Australian Government Releases National Robotics Strategy


The Australian Government has rolled out its first National Robotics Strategy. Minister for Industry and Science Ed Husic says the strategy will unlock the vast benefits of robotics and automation technologies to build a Future Made in Australia.

“Investing in the skills of our people, along with investing in technology like robotics and automation, will help sharpen our advanced manufacturing edge and grow secure jobs,” he said on May 28, 2024. “We’ve seen when other countries like Germany and Japan invest in automation, they’re able to keep jobs and industry onshore in a competitive global environment. As our mining and ag sectors have shown, we’ve got some of the best robotics know-how in the world, but we’re 32nd for the take-up of industrial robots.”

The strategy aims to support Australian industries developing and using robotics and automation technologies to strengthen competitiveness, boost productivity and support local communities. Key components of the robotics strategy include;

  • National capability: Building a strong, collaborative robotics and automation ecosystem that is recognised for its strengths, has a thriving domestic market and exports globally.
  • Increasing adoption: Supporting Australian industries to integrate robotics and automation in ways that benefit Australian workers and communities.
  • Trust, inclusion and responsible development and use: Ensuring robotics and automation in Australia are safe to use alongside Australian workers and are secure and inclusive by design.
  • Skills and diversity: Supporting Australians from all backgrounds to contribute to and benefit from the development and adoption of robotics and automation.

Husic says robotics and automation technologies could add up to AUD600 billion per annum to Australia’s GDP and increase productivity growth by up to 150%.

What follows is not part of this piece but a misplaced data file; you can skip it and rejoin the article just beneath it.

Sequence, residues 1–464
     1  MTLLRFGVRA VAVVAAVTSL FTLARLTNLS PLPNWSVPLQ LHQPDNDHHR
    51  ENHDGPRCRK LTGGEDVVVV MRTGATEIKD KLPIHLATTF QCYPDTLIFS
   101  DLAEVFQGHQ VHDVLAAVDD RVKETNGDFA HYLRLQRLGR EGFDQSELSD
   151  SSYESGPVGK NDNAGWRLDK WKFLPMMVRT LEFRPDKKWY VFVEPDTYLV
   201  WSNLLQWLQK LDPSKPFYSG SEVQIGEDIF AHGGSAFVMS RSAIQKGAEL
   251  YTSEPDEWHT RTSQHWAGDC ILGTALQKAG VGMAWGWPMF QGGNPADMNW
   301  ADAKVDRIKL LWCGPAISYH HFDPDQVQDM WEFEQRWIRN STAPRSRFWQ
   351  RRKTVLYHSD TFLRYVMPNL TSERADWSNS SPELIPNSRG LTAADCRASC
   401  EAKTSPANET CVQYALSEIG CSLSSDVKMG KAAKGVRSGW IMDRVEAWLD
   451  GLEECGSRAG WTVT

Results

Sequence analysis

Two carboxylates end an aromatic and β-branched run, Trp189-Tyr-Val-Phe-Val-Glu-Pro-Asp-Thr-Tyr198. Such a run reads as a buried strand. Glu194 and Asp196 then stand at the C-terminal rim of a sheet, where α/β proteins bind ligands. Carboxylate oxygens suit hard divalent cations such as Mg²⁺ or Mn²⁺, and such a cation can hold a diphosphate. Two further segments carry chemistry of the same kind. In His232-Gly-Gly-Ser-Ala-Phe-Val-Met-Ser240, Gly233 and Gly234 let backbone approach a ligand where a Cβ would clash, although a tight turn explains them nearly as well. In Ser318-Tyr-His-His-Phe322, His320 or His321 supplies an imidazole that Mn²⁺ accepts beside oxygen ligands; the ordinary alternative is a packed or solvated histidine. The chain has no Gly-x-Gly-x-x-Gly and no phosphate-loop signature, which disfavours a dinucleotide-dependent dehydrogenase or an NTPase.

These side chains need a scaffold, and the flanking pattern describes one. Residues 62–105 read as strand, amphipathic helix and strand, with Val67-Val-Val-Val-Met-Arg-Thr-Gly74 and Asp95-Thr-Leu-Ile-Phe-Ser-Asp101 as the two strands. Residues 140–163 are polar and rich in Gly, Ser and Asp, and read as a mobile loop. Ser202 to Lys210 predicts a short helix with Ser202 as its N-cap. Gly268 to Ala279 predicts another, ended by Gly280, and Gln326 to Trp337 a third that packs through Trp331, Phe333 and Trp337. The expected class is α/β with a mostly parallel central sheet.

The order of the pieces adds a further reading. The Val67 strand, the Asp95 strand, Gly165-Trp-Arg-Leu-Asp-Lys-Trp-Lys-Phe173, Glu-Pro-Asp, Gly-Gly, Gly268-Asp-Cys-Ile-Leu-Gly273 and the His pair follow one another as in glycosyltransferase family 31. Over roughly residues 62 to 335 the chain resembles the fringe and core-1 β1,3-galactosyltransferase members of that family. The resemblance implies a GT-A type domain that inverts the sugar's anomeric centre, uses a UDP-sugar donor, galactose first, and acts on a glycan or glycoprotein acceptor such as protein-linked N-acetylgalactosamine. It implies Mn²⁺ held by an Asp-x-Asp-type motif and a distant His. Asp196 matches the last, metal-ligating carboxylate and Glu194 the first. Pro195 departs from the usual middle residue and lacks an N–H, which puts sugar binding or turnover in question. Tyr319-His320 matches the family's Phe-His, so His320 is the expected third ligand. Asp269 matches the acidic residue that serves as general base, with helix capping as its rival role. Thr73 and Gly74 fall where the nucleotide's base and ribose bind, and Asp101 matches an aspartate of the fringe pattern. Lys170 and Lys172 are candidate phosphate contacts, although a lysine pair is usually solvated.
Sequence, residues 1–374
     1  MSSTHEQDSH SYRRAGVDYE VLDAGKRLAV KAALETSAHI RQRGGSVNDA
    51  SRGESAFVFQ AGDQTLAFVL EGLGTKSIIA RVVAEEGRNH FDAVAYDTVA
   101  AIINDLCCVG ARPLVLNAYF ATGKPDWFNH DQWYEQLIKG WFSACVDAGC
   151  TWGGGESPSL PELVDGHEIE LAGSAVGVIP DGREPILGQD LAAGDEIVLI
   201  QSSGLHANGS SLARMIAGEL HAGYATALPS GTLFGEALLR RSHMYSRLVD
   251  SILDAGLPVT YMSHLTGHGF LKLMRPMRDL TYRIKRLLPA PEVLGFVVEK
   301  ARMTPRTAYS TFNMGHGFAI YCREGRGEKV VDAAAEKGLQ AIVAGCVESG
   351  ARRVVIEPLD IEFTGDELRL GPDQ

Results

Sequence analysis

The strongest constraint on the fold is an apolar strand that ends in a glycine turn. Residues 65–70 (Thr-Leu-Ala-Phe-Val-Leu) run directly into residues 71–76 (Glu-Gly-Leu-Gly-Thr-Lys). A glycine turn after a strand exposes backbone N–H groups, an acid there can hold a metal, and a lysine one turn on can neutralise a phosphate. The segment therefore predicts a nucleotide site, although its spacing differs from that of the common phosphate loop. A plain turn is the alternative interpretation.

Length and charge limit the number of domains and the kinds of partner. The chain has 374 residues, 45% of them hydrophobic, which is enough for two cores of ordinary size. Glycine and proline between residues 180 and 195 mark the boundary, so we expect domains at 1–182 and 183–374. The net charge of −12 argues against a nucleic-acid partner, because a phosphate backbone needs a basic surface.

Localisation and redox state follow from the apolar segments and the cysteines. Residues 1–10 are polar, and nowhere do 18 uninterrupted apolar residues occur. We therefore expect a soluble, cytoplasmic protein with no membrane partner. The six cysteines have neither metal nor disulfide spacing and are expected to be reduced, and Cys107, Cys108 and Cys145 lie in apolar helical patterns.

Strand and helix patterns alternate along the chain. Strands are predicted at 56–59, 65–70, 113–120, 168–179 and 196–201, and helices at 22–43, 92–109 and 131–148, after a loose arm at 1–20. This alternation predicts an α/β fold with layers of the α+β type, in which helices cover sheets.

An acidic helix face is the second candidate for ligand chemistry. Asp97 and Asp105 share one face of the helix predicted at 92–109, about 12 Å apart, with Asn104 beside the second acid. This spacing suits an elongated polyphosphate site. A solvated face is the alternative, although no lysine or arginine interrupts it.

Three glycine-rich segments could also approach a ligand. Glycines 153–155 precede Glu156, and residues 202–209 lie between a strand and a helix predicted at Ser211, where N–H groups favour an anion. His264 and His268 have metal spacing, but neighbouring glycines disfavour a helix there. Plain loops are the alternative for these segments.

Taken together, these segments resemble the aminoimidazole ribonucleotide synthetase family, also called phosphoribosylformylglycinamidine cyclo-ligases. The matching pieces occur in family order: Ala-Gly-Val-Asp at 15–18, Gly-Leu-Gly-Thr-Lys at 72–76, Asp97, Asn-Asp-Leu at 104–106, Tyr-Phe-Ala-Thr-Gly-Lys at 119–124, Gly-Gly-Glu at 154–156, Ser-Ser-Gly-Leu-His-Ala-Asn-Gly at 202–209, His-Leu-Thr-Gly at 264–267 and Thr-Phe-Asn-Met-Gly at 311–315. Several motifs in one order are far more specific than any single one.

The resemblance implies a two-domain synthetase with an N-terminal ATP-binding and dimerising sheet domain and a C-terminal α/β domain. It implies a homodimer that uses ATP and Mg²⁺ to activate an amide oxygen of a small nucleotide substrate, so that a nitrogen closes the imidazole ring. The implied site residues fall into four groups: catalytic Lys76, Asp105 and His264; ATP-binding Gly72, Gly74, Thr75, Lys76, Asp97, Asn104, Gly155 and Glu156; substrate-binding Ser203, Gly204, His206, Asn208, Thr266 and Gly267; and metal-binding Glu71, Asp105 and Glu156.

The Australian Academy of Technological Sciences and Engineering (ATSE) welcomed the strategy’s release. It says the strategy gets the foundations right by modernising definitions, which enables a shared understanding of technical terminology. It emphasises that growing a skilled and diverse workforce are critical to a thriving Australian robotics capability.

“The success of the Strategy depends on the availability of a highly trained workforce of STEM professionals, particularly engineers,” said ATSE CEO Kylie Walker. “As put forward in ATSE’s submission, building a robotics workforce is critical, and recruitment should include diverse and underrepresented groups identified through the Government’s Diversity in STEM review.”

Walker says the robotics strategy incorporates improvements to the draft framework, including recommendations suggested by ATSE in the consultation process and builds upon the work of the Robotics Australia Group, chaired by ATSE Fellow and Strategy advisory group member Sue Keay FTSE, in developing industry roadmaps.

“The Strategy’s success indicators outline a clear and achievable vision for bolstering the Australian robotics industry,” said Walker. “Increased robotics R&D expenditure and increased government procurement of Australian-made robotics systems will be central to building on our current robotics opportunities.”


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